Ellis Marsalis III, at Stella Jones, takes more of a cinema verité approach to people in his unvarnished views of a largely underclass Baltimore neighborhood. Some of his often stark and unusually candid images resemble snapshots, but a closer look reveals jarring details " a normal looking kid standing by a fence is clutching a handgun " of the sort that only a profound familiarity with his subjects could provide. On view in the adjacent spaces are some eloquent vintage images of rural African-American families, sharecroppers and religious congregants by William Anderson Jr., as well as some interesting and innovative new work by Eric Paul Julien and Skip Bolen.
Meanwhile at Soren Christensen, Lisa Conrad's large photographs provide crisp yet somehow painterly vistas of misty Mississippi landscapes with horses grazing in the fog, as well as some abstract interpretations of the Eiffel Tower " a diversity of images made cohesive by Conrad's distinct compositional flair. Even larger works appear in The Big Show at the Darkroom, a mere six prints that manage to carry the cavernous space by virtue of their size and a compositional boldness that they all share despite their varied origins. For instance, Josephine Sacabo's mysterious female nude, Passion, is almost abstract at first glance, an undulating terrain of silky highlights and shadows, while David Halliday's Messina, a landscape featuring a tree growing amid the rubble of an ancient desert ruin, is no less mysterious despite its arid starkness of tone and content.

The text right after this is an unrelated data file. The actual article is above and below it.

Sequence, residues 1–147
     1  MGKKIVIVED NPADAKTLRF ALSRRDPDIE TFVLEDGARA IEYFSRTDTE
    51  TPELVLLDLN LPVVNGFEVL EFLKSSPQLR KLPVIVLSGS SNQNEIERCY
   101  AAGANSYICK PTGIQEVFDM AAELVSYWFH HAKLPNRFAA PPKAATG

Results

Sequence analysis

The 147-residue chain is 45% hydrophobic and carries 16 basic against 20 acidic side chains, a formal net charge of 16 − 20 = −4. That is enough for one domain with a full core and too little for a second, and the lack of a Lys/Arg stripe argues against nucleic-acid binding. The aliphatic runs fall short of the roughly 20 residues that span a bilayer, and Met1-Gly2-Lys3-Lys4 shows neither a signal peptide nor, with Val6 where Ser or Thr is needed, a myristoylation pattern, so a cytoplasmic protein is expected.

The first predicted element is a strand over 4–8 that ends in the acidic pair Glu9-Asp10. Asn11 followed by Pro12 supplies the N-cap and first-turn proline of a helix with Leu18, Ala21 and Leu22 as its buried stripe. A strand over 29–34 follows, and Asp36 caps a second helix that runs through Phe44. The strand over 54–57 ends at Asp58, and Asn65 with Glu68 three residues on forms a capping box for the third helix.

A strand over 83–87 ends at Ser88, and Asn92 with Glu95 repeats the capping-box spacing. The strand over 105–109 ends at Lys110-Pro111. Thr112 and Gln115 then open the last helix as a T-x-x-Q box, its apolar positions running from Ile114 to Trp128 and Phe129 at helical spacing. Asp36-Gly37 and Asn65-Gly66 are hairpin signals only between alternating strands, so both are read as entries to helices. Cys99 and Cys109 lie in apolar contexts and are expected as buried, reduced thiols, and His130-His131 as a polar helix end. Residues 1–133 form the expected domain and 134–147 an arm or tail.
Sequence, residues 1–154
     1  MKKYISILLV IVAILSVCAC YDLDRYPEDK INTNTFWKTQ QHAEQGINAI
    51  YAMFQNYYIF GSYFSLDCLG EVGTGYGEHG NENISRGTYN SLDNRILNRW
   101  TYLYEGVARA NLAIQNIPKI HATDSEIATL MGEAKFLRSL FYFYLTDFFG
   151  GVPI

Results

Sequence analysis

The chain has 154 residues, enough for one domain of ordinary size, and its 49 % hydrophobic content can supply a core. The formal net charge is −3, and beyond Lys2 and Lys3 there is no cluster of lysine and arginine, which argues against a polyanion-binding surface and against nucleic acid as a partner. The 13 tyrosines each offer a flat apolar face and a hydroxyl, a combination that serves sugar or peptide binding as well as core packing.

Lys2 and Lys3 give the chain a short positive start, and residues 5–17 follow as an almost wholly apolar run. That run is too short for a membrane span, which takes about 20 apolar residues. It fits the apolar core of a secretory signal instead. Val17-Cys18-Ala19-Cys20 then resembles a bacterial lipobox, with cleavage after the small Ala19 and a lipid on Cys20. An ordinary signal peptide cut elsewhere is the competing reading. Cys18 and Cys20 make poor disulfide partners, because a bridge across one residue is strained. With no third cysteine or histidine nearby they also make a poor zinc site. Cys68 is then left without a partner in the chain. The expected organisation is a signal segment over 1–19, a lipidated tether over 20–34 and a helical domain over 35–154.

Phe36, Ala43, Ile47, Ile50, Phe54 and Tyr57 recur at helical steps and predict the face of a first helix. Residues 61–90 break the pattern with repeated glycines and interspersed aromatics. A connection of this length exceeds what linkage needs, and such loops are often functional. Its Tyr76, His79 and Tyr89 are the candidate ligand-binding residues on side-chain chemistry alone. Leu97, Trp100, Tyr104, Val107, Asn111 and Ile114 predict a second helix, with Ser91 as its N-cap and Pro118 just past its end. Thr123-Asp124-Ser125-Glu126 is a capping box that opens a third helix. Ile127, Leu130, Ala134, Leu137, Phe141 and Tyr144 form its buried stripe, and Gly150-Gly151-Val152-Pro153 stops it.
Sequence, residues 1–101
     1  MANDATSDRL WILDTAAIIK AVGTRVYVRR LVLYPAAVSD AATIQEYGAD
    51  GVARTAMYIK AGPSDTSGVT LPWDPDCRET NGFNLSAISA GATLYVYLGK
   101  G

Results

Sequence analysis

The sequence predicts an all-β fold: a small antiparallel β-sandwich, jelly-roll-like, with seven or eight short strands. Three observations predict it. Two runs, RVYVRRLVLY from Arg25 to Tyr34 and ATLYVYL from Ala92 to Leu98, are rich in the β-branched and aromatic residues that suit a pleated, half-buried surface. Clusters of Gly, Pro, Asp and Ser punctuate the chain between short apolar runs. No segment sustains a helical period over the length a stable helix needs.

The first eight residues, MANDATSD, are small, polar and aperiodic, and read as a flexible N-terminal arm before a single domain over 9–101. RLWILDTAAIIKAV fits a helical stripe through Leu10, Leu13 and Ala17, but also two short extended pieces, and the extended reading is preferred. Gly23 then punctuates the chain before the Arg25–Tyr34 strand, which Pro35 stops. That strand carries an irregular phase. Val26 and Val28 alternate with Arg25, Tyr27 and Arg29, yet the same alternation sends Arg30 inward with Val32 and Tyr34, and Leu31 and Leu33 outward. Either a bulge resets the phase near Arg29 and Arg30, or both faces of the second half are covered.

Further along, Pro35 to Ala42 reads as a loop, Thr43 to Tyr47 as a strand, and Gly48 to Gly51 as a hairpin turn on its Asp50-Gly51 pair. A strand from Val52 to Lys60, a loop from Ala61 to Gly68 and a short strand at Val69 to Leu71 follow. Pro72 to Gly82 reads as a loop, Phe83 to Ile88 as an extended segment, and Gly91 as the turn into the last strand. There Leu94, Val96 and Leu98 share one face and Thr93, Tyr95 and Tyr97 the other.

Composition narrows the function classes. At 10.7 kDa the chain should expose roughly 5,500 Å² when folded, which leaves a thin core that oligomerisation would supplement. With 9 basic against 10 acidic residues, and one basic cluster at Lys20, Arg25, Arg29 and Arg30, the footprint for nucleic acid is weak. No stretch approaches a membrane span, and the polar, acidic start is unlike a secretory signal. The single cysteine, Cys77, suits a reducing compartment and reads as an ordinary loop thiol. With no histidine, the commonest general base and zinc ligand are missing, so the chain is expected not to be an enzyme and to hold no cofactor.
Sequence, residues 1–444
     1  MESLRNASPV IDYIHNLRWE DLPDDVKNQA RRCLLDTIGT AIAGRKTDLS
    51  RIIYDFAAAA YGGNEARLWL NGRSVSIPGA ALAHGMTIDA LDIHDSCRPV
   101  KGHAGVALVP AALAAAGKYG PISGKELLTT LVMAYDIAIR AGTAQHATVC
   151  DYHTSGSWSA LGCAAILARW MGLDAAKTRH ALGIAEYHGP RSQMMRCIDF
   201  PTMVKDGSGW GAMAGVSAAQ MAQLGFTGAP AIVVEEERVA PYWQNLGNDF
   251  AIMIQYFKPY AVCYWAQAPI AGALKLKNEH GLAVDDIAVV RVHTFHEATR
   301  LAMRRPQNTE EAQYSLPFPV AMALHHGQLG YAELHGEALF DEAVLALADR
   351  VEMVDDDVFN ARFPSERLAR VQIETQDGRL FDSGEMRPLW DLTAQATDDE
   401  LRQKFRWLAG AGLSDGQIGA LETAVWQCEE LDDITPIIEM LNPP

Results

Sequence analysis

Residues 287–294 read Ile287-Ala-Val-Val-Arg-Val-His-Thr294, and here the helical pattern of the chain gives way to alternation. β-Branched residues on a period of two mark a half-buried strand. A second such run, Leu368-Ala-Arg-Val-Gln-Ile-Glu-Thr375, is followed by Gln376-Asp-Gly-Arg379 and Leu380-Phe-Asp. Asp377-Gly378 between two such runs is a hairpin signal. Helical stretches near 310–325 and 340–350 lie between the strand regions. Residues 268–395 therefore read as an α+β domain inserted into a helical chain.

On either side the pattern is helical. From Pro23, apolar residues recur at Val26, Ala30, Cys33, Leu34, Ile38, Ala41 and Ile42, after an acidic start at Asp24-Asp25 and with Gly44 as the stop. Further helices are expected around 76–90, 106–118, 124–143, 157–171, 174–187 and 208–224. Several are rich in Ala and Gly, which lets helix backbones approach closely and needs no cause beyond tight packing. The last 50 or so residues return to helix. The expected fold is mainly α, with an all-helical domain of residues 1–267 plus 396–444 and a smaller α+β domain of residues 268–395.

Related themes appear in Lori Waselchuk's Funeral Hearse at Angola State Penitentiary, a panorama featuring an old black man driving an antique black hearse pulled by two white horses as the eerie savannah surrounding the prison looms like a mirage in the background. Totally different in tone and content is Colin Miller's Crimes Against the Coalition, an apparent interrogation scene with a hooded subject being grilled by grim prison guards as old-time journalists take notes. A closer look reveals that all of the figures are in fact Miller, who montaged this dramatic scene as a kind of composite self-portrait. Creepily entertaining, it evokes the extremely unfunny Abu Ghraib scandal while illustrating the artist's impressive technical skills. Other photographic venues on Magazine Street include Poet's Gallery, Kunflama, Sorella and Juan's Flying Burrito, while an assortment of group shows abound along St. Claude Avenue, at Barrister's Gallery, L'Art Noir and Farrington Smith among others. Enjoy it while it lasts.